In 1853, Queen Victoria of Great Britain, pregnant with her eighth child, expressed interest in the use of a novel anesthetic, chloroform, to alleviate pain during her birth. Not surprisingly, her wish was granted. We can assume she had a positive experience, as she requested chloroform inhalation for the birth of her ninth and final child. What followed was a cultural revolution in terms of acceptance and credibility in obstetric anesthesia. Although reserved for the wealthy, the notion of having a pain free birth was born.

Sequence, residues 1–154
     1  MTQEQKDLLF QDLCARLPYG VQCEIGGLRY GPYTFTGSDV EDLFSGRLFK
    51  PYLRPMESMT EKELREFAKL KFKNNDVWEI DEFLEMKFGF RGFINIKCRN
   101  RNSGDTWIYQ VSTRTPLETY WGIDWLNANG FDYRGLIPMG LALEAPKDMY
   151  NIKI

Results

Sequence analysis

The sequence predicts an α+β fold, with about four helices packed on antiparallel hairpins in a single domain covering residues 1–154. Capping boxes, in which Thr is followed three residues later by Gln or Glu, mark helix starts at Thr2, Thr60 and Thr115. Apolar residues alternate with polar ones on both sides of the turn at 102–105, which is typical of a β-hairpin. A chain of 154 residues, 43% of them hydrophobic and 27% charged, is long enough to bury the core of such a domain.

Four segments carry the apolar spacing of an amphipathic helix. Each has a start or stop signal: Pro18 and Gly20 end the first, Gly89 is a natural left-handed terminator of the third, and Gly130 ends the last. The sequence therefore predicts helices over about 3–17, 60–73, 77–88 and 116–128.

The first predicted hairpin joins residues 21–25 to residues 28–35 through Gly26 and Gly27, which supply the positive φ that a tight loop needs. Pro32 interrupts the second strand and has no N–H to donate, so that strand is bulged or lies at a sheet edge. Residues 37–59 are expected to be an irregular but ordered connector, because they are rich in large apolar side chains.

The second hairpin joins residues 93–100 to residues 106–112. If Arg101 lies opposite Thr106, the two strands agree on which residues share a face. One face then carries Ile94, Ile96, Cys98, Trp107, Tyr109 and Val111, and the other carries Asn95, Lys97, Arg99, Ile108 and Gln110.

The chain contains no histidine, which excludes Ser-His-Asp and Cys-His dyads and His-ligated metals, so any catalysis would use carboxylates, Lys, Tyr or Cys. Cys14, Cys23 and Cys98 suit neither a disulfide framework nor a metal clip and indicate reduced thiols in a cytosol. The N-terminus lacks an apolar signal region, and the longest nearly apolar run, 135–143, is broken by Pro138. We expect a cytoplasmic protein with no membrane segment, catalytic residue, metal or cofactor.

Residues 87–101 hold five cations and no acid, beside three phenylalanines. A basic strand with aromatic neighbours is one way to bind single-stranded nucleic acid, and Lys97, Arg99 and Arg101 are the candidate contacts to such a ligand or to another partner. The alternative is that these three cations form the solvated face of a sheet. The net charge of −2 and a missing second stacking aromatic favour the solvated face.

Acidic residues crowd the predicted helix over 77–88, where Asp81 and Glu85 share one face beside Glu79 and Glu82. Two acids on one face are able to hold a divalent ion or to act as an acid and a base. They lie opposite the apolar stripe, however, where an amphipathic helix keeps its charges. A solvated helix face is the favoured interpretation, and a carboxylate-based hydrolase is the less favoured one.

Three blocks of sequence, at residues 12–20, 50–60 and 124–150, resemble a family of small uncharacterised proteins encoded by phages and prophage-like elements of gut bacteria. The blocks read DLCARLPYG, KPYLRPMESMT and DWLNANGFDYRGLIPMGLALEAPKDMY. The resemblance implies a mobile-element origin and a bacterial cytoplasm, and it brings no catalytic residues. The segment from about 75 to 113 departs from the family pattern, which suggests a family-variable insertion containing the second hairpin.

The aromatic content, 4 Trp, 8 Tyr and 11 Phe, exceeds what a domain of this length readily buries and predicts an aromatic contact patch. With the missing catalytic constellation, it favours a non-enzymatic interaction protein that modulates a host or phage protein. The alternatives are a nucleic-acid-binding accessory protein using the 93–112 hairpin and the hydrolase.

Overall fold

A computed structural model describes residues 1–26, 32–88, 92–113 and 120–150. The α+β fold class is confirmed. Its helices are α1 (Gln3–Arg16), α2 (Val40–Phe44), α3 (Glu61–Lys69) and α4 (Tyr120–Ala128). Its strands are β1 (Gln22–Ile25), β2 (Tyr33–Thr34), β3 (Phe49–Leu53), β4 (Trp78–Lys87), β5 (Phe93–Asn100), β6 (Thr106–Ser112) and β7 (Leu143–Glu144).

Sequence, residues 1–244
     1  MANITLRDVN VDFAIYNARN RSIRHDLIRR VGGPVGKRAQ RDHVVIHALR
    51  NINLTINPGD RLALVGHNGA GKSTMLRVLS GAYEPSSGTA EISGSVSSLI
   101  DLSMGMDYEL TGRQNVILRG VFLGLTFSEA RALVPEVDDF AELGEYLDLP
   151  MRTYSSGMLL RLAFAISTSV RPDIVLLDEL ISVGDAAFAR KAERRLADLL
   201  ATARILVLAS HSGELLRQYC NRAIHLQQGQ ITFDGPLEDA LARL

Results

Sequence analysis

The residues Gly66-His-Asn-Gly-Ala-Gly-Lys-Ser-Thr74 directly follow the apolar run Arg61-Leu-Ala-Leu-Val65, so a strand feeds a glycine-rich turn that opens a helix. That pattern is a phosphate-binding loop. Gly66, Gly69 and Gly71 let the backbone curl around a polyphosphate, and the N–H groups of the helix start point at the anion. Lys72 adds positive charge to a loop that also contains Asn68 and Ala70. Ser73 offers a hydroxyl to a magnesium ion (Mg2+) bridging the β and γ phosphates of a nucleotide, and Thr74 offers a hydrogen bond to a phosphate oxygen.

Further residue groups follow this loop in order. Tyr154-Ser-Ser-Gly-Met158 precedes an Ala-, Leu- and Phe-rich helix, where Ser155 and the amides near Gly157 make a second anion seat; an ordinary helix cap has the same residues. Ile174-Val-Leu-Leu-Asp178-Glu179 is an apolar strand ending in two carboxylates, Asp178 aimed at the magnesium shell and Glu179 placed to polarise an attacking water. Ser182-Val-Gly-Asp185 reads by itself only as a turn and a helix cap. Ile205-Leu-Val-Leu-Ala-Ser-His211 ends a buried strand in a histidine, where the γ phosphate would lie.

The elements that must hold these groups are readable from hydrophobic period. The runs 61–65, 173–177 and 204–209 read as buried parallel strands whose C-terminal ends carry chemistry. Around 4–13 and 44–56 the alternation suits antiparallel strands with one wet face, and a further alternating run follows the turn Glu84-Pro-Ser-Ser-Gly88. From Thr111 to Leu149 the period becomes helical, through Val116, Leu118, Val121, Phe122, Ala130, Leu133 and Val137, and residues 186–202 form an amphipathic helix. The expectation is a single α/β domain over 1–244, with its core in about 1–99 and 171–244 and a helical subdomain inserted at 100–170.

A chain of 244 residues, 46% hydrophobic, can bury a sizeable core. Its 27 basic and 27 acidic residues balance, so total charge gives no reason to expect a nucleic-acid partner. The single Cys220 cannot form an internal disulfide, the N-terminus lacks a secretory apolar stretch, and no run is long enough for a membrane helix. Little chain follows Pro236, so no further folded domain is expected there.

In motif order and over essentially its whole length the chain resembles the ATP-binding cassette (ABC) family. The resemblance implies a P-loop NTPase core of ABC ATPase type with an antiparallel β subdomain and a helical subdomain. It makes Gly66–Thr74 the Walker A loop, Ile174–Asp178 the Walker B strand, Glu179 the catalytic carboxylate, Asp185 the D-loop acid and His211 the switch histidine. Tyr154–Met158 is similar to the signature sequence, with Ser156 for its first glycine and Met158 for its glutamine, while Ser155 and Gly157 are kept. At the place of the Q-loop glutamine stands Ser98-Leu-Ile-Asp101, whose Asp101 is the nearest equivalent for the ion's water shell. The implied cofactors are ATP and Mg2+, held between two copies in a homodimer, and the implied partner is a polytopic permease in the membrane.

You would think that, almost 200 years later, advances in anesthetic technology would improve the maternal experience. Many studies have shown a worrisome trend, specifically that epidural anesthesia, a commonly used method of pain relief for labor in the U.S., often leads to patient dissatisfaction.

Often, when I get paged for an...

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